Actually, they give her money because they know she is going to win, and they want to preserve access in case they need to protect themselves against adverse government action. Larry Jacobs is a DFL partisan, hardly an objective source.
“In Minnesota, for many years, we had a party structure that was dominated by leaders who wanted to win and problem-solve,” said Jacobs. Now, he added, the State Republican Party is dominated by Tea Party and libertarian insurgents, not the business community, and their attitude is “we play for principles and if we lose so be it.” So there is a fight here for the soul of the Republican Party.
Notice how the focus is always on the Republicans. While Jacobs talks about Republicans losing, the fact is that the Democrats just lost control over both houses of the state’s legislature for the first time within memory. So is there a fight going on for the soul of the Democratic Party? If not, why not? The Democrats went 24 years without electing a governor. Did that prompt a fight for the soul of the DFL party?
The Republican Party is, in fact, as unified as it has ever been. In recent years, Republicans have united behind top-notch candidates like Tim Pawlenty, Norm Coleman, John Kline, Erik Paulsen, Chip Cravaack and Michele Bachmann. The idea that there is a conflict between “Tea Party insurgents” and the business community is simply false. There are, of course, elements of the business community that have been co-opted because they depend on government spending, but that is true everywhere.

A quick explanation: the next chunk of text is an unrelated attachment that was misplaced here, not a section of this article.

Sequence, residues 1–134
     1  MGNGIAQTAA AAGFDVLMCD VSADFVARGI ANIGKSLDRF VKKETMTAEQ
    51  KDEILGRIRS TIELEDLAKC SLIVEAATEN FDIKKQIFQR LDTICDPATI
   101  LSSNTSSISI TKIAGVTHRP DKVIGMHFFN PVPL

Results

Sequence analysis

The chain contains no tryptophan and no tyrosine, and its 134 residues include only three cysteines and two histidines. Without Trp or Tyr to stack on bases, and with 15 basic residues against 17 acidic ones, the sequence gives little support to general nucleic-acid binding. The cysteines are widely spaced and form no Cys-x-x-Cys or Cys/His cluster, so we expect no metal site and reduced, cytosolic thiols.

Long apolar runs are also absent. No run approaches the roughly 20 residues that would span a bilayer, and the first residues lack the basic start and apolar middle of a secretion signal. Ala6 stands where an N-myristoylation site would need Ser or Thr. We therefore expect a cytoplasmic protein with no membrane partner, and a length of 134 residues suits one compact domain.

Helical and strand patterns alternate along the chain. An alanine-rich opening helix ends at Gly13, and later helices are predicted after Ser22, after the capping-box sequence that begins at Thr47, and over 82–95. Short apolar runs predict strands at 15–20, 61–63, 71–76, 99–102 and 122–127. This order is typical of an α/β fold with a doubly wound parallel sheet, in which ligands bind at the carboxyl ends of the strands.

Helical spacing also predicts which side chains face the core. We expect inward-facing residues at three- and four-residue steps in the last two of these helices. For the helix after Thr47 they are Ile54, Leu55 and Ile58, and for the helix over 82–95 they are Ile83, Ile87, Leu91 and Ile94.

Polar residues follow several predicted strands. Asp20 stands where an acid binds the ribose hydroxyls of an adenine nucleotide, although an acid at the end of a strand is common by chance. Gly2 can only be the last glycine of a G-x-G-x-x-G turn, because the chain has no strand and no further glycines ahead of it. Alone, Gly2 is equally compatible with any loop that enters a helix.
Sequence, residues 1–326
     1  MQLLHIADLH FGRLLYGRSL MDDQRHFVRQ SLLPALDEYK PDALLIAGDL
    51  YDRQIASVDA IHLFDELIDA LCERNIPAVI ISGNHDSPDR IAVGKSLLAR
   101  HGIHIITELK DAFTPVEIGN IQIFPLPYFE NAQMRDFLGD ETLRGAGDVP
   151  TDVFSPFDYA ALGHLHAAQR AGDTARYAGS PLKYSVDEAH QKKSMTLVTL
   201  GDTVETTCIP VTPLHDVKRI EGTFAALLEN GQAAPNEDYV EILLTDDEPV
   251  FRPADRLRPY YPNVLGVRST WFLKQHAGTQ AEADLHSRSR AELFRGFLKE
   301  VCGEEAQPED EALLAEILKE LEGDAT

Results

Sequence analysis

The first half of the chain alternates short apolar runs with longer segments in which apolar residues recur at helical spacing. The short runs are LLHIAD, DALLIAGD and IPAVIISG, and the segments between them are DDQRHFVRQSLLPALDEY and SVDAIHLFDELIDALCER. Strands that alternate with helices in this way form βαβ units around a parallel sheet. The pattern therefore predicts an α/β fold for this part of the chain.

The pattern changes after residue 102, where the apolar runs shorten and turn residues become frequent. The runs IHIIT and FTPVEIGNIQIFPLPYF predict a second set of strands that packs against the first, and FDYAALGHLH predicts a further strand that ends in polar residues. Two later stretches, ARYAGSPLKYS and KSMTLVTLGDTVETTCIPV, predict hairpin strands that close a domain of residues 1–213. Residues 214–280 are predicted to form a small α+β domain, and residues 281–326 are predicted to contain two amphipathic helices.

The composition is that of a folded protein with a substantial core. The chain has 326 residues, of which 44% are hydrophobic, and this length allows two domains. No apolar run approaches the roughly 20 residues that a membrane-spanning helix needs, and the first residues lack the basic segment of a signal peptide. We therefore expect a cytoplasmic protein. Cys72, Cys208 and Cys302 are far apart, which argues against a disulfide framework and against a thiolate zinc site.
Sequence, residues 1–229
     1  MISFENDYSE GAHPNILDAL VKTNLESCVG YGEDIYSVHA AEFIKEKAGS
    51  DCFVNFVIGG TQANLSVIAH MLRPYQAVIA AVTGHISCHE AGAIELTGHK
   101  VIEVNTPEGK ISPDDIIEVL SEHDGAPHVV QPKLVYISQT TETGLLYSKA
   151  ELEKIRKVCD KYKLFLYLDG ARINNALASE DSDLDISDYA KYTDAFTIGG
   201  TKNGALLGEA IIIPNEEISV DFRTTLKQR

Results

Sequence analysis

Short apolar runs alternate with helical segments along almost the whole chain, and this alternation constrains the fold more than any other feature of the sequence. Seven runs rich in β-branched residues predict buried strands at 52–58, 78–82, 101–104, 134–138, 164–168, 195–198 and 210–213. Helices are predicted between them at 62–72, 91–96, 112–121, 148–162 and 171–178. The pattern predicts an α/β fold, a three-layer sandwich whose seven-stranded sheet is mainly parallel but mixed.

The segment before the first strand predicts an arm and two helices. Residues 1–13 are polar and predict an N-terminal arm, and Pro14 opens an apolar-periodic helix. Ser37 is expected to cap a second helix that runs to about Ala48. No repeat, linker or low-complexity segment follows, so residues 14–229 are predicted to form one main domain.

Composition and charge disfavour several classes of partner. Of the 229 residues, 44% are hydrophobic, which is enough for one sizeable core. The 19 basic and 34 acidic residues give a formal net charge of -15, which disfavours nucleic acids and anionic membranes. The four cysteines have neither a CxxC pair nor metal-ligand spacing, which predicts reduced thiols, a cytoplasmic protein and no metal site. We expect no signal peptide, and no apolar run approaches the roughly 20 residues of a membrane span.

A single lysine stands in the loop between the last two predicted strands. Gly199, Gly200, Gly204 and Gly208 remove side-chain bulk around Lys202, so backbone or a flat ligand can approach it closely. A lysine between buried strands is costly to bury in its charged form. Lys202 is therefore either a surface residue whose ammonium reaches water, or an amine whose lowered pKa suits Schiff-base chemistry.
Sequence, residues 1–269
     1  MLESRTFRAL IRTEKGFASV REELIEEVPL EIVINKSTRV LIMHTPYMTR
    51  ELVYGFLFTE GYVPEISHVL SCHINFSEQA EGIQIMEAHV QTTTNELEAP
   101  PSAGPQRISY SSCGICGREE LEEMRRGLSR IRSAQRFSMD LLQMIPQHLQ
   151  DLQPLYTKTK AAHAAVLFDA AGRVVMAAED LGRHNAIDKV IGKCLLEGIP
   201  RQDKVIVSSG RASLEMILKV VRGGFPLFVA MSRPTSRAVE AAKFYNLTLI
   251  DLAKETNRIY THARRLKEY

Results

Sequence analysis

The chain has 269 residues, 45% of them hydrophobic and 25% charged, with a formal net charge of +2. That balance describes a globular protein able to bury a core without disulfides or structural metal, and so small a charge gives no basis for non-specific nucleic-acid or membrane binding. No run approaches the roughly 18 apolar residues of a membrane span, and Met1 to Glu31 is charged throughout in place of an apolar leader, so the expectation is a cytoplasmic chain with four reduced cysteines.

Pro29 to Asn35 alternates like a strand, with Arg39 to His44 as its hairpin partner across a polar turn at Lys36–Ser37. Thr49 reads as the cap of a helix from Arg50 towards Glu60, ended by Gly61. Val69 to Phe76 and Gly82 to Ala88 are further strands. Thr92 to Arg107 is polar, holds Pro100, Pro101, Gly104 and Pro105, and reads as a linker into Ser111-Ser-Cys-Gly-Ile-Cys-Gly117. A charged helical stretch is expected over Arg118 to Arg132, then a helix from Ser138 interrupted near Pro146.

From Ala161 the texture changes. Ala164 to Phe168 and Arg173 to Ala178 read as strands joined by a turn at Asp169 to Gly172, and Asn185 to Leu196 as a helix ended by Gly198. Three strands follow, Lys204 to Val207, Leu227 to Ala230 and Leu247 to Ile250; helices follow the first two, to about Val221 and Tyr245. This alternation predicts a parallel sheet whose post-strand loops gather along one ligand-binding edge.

So, what is the point of all this? Friedman concludes:
In the 1990s, centrist Democrats, led by Bill Clinton, brought their party back from a similar ideological ledge; they and the country and my home state are better for it.
But haven’t the Democrats gone back over the ledge, with Barack Obama, trillion dollar deficits, hundreds of billions in crony payoffs, rampant class warfare, and record numbers of Americans in poverty and living on food stamps? And how about Minnesota politicians like Al Franken, Mark Dayton and Keith Ellison? Does Friedman mean to imply that they are moderates in the Clinton mold?
The Republicans have not had their “reformation,” but it’s brewing here in Minnesota, and I hope it goes national if Romney loses — and even more so if he wins.
But wait! What is the evidence that a Republican “reformation” is “brewing here in Minnesota?” Friedman cites none; and if by “reformation” he means Republicans becoming more liberal, there is no such evidence, because it isn’t happening. And what is it that Friedman wants to “go national”? A takeover of legislatures by “Tea Party” Republicans, as happened in Minnesota in 2010? Stunning electoral victories like Chip Cravaack’s 2010 win over entrenched Democrat Jim Oberstar in Minnesota’s 8th District? Twenty-four years between Democratic governors? Conservative firebrands like Michele Bachmann crushing Democratic opponents despite millions of dollars flowing into the state from Democratic Party fat cats? Solid conservatives like John Kline and Erik Paulsen being re-elected overwhelmingly because they reflect their constituents’ conservative principles?
There may indeed be trends here in Minnesota that the rest of the country would do well to heed, but Tom Friedman, despite having swung by the state for a day or two, has no idea what they are. Notwithstanding the fact that he attended high school here 40 years ago, Friedman knows little or nothing about politics in Minnesota.